Deaf mentors provide practice sessions to prepare students for conversations with a variety of signers. Every year, Deaf chaperones join our Gallaudet University field trips where students, now the minority, are immersed on a campus rich with ASL and Deaf culture.
Teaching is an opportunity to inspire, and ignite students’ passion for ASL, although my responsibility doesn’t end there. I encourage every child to build a future they will love living.
I truly am proud of students like Megan, who interpreted for Michelle Obama, and Ashlyn, among the 5% of hearing applicants accepted to Gallaudet University. I succeed when students feel safe to be themselves, appreciate diversity in the classroom, and develop life-long empathy.
Recently, some of my students volunteered at the "ASL Connect " event at the NJ School for the Deaf, where they organized t-shirt sales, games, and ASL songs. After school, students sign with a local deaf toddler, witnessing the impact of the gift of visual language. Annually, current students, alumni, the Deaf Community and I collaborate on an original show to promote deaf awareness. Funds raised support student scholarships and national deaf charities that promote language equality. ASL students perform with deaf coaches and deaf children and learn, not because I teach them, but because they experience it. More than 100 deaf audience members from surrounding states attend this show year-after-year, helping students realize the value they bring.
Nearly 150 students learn ASL every year, (this year I have 176) transforming Ocean City into a “deaf-friendly town”, where people in restaurants, shops, and on the boardwalk, sign with deaf visitors, making an accessible environment. Because nothing thrives in isolation, I facilitate meaningful connections between students and the world around them. In collaboration with students, parents, colleagues and the community, we empower leaders, expand perspectives, and maximize learning for all.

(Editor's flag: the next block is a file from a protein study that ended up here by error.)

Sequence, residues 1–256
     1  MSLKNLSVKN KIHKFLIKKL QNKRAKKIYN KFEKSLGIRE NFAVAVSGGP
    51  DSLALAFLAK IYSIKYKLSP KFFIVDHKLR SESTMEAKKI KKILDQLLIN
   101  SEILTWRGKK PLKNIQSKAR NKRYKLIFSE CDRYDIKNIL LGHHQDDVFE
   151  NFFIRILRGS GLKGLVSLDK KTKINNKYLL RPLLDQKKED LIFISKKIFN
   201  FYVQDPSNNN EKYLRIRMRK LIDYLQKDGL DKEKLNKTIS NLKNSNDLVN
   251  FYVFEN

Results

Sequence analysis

7. What would you say to a student, Deaf or hearing, who wants to follow in your footsteps?
When I stand before my ASL students, I know some will do incredible things in and with the Deaf community. For students who want to become teachers, I emphasize the privilege of being part of the journey of every child you teach. What an honor. But with this honor comes great responsibility because every day we, as teachers, are showing our students what we believe is a priority. We can choose to focus only on our content area, or to commit to the whole child. I urge them to decide their students will feel equity within a classroom free of judgment; to show students their humanity, and make relationships with students a priority. Above all else, to ANY student planning on becoming a teacher, I want them to realize they will have the power, the choice, to make kindness a priority. As teachers, we plan, we assess, we inform our instruction… and we advocate. We change lives one child at a time, removing obstacles and creating educational environments that allow students to succeed not as a version of everyone else, but as themselves. My students are learning and excelling in American Sign Language, and for that I am exceedingly proud. But, I am even more proud - grateful - that these students are evolving into exceptional human beings.
8. We're wondering if you have a favorite DawnSignPress product?
I love the Signing Naturally curriculum Units 1-6 and 7-12 and most of all I LOVE that DawnSignPress has made the videos available on-line. Students don’t use DVD’s anymore and most of their computers don’t even have DVD drives so the fact that I can offer a curriculum with an online video option is essential. I just started teaching at our local university, Stockton University and I am using the Signing Naturally curriculum with my beginning students there as well.
In an effort to expand the reach of ASL in our district, my superintendent recently hired a teacher who is Deaf to run a class for teachers in the district who want to learn ASL. Kathy Reese was hired and recommended the book “Signs For Me”. This is another fantastic product from DawnSignPress that we are loving!